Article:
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  • Writer's pictureGeorgina

How to get others in your company to care about the brand as much as you do

Updated: Nov 27, 2023

As head of marketing for your company, have you ever found yourself in a situation where you have a lovely brand strategy or brand guide, but you don’t know what to do with it, so it just sits in a drawer gathering dust? Do you sometimes feel like you’re the only one in your organization that cares about your brand, or even knows what it is? Being the marketing lead can be an isolating experience and although your team “gets it”, you’re concerned that no one else does.


These feelings of frustration can be strong if you’re in a company where the departments are in silos, and it feels like no one else sees the bigger picture or wants to. And unfortunately, it matters when you’re the only one that cares about the brand, or if the brand is seen only as some outside-facing glamor that is marketing’s problem, but no one else’s.

Why it matters if you’re the only one who cares about the brand


First the negative stuff. If your fellow employees don't embody your company's values, those values become irrelevant. However, worse than that, if your brand is only articulated outside the organization, and not demonstrated internally, this mismatch will become evident very rapidly to stakeholders outside the organization, such as prospects and customers. And they will not like it.


We are in an era when consumers are sensitive to organizations claiming to be things they’re not. 'Authenticity' currently rules the day. If your customers sense that your “brand values” are different from how you and your employees act, they could vote with their wallets and take their business elsewhere. Your bottom line is at stake.


On the other hand, what is the gain if your 'brand' permeates the whole company and employees live and breathe it? Well, if your team members can feel an emotional connection with the brand, that will enhance their feelings of belonging in the organization. Ultimately, all humans want to belong somewhere. And if they feel like they belong, they will work better and provide a better experience for the customer. Moreover, if employees understand the brand, they will better communicate it externally.


Now we’ve established that it matters that the rest of your company cares about your brand, how can you make them do so?


How to get the rest of your company to care about your brand


1. Revisit the customer journey - in minute detail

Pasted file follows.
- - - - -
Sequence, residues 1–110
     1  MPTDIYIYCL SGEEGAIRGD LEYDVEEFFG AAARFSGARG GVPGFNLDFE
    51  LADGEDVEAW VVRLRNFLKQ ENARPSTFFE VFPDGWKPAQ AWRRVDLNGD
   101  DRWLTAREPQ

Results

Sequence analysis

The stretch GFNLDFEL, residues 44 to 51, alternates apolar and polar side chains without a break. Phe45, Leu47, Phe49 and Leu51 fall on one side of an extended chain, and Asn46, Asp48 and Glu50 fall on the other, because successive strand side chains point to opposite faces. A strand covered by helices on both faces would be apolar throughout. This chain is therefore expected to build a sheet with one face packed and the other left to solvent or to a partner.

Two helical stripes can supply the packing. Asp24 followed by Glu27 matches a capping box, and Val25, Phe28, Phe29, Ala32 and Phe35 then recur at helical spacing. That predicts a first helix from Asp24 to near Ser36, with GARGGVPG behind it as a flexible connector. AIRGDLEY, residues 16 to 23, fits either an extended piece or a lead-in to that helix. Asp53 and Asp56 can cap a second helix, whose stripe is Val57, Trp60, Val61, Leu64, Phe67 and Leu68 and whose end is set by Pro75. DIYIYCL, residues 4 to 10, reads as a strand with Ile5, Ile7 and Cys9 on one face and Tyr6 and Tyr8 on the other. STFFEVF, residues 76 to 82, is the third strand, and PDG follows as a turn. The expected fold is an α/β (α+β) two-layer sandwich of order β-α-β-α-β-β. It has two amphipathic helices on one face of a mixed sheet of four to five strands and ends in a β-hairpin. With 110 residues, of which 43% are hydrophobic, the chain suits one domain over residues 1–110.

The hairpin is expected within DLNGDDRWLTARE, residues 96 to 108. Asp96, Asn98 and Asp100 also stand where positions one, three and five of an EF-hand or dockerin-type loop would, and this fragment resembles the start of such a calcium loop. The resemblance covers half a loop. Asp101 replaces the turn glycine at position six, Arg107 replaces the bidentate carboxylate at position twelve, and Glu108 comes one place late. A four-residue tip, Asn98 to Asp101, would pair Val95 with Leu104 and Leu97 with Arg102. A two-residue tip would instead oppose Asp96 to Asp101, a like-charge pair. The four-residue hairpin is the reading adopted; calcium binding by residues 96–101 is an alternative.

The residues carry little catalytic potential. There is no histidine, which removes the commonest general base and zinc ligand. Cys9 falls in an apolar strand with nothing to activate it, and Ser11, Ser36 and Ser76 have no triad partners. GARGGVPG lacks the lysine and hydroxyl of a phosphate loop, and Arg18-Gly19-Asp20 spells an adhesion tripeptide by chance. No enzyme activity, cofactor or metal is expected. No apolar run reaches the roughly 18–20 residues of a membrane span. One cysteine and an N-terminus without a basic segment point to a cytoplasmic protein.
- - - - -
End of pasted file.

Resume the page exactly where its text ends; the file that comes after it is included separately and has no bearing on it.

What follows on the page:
The first step to changing behavior is establishing all the touchpoints where prospects and customers interact with your organization. You may have developed a customer journey map, but if not, I highly recommend you do so. It is a powerful tool to help you think through methodically every time a prospect or customer comes into contact with your organization. This includes every advert they see, the letters they receive, the time they spend visiting your front desk, or every time they call your customer service team. Then, think about what their experience with the brand is at every step.


2. Who is responsible for those touchpoints?

Once you have mapped out all these touchpoints, think about who is responsible for them within your company. Are these specific individuals or teams? Make a list of all the departments impacted by these touchpoints.


3. Put yourself in their shoes

Now you know clearly who will be interacting with prospects and customers at each stage, think about how they understand the company brand and express it in their work. How does the sales team understand the brand, which parts are most relevant to them? Is this different from how the HR department or customer service team understands the brand? If you’re not sure about any part of this, why not talk to them? Get to know your audience.


4. Mind the gap

Armed with an understanding of where they are in their understanding of the brand and how they conceptualize it, think about where you’d like them to be. In your dream world, how would they embody/express the brand? And what is the gap between what you’d like and where they are now? What tools can you give them to do better? What training do they need to do better?


5. Make your plan

Bringing this all together, how can you communicate to them effectively the changes you’d like to see, in a way that they will understand and be receptive to? There is no point in browbeating them - you want to empower them to understand the brand better and feel good about it, not like they’ve done something wrong. Working with each team is going to be different and what they need from you is going to change - but isn’t that the joy of marketing, tailoring your message to different audiences?!


What do you think, would this work at your company?


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